Receptor Selective Spinal Analgesia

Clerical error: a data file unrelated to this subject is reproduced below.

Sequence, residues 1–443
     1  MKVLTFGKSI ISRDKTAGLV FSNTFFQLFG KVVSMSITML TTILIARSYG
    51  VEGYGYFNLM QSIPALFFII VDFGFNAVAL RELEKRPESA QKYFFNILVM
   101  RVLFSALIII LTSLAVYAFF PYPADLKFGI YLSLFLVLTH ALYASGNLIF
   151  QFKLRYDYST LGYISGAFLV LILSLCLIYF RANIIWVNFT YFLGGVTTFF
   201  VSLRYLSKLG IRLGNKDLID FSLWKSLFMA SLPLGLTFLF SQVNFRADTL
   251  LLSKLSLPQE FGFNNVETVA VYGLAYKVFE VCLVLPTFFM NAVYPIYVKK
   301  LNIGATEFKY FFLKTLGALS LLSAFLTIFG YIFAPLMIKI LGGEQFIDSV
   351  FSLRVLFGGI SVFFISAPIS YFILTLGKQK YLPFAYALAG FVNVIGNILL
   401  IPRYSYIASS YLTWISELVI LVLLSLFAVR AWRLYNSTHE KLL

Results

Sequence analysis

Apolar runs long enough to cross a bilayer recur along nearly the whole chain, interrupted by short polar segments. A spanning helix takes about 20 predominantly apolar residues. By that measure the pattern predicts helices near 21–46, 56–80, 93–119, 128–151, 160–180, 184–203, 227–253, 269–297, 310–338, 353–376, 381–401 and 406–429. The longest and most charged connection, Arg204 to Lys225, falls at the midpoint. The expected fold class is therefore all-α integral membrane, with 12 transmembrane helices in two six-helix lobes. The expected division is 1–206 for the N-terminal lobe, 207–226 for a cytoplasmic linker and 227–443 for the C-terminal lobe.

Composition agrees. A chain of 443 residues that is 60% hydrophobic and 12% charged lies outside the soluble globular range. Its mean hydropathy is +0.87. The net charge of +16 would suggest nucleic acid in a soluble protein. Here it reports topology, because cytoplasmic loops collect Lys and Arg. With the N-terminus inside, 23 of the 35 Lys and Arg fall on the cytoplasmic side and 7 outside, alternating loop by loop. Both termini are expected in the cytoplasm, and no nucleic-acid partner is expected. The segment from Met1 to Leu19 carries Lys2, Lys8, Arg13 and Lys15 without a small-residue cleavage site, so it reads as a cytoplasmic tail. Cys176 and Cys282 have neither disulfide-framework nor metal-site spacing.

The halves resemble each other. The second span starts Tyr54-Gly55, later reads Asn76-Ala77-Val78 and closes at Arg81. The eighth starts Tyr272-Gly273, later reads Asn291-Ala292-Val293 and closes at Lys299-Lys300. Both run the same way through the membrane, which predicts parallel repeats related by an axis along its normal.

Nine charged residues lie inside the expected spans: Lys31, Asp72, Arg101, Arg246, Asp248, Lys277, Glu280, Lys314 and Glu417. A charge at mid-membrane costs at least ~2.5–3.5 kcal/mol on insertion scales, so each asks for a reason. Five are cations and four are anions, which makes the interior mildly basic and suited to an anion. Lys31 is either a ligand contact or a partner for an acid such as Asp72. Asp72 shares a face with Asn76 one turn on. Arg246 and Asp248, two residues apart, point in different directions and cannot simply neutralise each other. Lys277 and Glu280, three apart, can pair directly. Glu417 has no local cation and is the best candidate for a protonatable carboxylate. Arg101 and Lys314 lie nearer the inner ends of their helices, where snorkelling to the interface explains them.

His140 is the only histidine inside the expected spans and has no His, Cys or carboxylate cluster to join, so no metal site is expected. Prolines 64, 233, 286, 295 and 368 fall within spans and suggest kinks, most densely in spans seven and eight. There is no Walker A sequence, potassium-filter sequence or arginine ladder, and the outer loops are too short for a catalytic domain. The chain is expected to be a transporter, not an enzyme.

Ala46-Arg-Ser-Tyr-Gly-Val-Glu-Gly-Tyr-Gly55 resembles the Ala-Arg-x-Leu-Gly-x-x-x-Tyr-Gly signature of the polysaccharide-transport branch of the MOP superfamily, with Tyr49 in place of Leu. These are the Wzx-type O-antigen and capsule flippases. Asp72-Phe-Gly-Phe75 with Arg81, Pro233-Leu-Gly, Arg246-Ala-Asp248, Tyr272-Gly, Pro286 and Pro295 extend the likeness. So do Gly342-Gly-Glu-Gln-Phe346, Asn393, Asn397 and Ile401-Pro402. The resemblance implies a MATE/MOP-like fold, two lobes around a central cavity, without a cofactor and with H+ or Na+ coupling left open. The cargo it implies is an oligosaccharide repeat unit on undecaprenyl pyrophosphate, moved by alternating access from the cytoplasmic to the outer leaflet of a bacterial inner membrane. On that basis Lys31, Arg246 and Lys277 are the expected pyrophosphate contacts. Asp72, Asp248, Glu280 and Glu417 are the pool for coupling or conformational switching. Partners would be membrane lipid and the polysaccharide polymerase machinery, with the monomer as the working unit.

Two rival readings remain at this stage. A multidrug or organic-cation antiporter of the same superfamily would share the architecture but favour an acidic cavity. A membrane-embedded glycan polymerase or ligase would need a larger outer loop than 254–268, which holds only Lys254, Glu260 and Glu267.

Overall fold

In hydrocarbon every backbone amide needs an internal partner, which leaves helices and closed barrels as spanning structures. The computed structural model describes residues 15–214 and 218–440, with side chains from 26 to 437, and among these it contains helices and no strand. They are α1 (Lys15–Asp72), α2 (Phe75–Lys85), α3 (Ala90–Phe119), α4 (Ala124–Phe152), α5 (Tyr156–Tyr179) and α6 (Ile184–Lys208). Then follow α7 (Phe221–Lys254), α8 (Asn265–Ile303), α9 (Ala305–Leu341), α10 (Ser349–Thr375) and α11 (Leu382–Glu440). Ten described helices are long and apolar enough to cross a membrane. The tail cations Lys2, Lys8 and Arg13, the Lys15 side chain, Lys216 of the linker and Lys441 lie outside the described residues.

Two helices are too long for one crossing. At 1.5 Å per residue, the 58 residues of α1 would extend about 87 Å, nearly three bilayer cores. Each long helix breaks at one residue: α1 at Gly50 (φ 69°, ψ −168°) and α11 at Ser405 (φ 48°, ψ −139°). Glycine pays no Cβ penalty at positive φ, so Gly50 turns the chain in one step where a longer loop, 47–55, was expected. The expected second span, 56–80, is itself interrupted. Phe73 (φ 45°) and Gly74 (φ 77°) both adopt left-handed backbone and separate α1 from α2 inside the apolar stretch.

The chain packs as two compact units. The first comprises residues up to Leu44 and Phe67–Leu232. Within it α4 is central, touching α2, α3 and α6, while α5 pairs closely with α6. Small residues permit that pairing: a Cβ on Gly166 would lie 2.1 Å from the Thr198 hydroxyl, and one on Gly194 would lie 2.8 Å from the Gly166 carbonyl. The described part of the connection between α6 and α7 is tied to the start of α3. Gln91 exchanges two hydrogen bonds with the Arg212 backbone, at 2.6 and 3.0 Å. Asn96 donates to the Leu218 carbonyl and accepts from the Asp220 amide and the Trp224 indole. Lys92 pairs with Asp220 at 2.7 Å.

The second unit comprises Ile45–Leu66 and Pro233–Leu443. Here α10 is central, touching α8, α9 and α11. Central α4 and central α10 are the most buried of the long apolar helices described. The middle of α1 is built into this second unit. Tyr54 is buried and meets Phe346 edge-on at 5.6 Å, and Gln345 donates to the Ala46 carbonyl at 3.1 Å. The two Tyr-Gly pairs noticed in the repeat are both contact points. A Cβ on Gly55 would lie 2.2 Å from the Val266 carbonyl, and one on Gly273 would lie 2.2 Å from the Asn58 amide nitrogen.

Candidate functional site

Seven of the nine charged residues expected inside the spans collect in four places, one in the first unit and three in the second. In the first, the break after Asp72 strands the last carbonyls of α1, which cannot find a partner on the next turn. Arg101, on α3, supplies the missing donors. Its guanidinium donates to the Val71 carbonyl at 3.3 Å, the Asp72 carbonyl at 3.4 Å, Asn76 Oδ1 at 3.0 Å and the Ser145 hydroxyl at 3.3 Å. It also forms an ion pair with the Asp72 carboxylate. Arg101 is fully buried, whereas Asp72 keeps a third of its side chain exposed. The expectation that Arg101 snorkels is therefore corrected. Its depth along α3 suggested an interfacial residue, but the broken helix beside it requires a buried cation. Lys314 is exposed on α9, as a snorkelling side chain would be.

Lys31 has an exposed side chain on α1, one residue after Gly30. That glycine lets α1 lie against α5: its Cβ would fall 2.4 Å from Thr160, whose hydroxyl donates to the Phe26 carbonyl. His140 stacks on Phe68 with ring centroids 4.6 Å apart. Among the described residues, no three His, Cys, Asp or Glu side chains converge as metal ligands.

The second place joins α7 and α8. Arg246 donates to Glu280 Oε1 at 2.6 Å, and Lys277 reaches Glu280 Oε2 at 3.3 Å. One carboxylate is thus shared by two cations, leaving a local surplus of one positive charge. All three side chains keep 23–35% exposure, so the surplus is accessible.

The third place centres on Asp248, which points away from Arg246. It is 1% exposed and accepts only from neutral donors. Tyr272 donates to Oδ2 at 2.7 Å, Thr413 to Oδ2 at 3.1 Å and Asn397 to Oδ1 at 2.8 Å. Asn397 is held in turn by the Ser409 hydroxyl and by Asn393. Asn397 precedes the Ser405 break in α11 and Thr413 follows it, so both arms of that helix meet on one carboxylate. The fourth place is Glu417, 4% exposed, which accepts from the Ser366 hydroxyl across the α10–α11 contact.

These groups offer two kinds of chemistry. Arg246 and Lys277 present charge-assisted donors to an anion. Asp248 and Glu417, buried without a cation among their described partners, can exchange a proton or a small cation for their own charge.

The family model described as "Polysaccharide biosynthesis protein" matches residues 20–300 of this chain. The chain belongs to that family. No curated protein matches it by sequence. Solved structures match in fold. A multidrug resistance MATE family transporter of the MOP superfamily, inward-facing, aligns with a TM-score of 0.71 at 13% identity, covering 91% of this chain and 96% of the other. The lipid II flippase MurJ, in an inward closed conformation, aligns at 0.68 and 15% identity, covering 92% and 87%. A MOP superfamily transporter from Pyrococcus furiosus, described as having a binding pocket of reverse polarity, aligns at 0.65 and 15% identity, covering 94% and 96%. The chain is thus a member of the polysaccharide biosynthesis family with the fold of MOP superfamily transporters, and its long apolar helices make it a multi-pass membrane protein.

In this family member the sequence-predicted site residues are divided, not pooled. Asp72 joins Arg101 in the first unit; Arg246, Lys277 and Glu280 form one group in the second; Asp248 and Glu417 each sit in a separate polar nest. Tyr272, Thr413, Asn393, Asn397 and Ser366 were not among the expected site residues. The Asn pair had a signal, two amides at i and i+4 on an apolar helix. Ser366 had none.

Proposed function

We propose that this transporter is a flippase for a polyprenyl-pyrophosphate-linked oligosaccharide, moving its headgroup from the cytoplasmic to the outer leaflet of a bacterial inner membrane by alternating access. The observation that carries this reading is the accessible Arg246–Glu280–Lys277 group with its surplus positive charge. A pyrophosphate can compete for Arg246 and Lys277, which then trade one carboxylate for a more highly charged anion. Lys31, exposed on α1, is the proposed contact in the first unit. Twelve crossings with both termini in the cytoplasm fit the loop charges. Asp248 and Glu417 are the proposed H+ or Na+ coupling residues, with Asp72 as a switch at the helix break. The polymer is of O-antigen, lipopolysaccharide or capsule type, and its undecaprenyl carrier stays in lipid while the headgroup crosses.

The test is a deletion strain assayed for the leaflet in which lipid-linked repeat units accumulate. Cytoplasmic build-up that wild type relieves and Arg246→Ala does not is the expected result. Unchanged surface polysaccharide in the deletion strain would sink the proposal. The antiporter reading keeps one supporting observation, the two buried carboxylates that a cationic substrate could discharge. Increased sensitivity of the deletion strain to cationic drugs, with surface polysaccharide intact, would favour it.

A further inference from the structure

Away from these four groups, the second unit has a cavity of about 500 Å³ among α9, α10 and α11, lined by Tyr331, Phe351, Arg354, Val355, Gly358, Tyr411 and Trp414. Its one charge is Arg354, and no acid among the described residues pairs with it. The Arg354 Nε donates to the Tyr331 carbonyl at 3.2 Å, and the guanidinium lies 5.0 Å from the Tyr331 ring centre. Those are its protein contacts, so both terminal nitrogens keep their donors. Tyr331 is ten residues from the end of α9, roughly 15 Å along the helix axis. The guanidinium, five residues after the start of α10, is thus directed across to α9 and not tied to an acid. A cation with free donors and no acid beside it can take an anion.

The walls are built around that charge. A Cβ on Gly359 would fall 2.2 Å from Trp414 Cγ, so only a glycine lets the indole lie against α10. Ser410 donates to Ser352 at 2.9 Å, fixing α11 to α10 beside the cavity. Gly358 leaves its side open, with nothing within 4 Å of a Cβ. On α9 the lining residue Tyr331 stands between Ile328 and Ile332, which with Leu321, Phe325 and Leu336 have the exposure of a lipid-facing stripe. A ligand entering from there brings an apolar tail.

The long term goals of this grant are to test mechanisms of pain transmission in the spinal cord of humans and to test whether experimental pain models in animals and humans predict efficacy of spinal analgesics in clinical pain states. We focus on the spinal cord, since this is an important site of regulation of pain transmission and since we can specifically test analgesic mechanisms with spinal injection in the postoperative period and in patients with chronic pain. This grant has in the past examined spinal a2- adrenergic, adenosine, and cholinergic receptors in pain and analgesia, and in the last cycle began the study of spinal prostaglandins, using the cyclooxygenase (COX) inhibitor, ketorolac. Laboratory and clinical studies indicate efficacy of spinal ketorolac for postoperative analgesia by inhibiting COX-1 in spinal microglia which are activated during and after surgery. Our first two specific aims are to: 1. determine in humans the effect of intrathecal ketorolac on mechanical hypersensitivity and pain from surgery and acute systemic opioid exposure 2. determine in animals the key factors interactions which activate COX-1 in spinal microglia and induce pain behaviors from surgery and acute opioid exposure and probe their mechanisms In addition, the last cycle of this grant funded the synthesis of ST91, an a2-adrenoceptor agonist with better efficacy in animal models of acute and chronic pain than clonidine, but without clonidine's hypotensive and sedative side effects. We believe these advantages of ST91 reflect actions on different a2-adrenoceptor subtypes than clonidine. Our last specific aim is to: 3. complete preclinical toxicity screening and chemistry documentation for exploratory investigational new drug application (IND) to the FDA, and perform Phase I safety and efficacy trials in humans The relevance of these studies to public health is to better understand the processes in the human spinal cord which contribute to acute and chronic pain. Not only might this lead to better and safer spinally administered drugs, but these translational studies also provide proof of concept for development of oral drugs to target specific receptors for better and safer pain relief.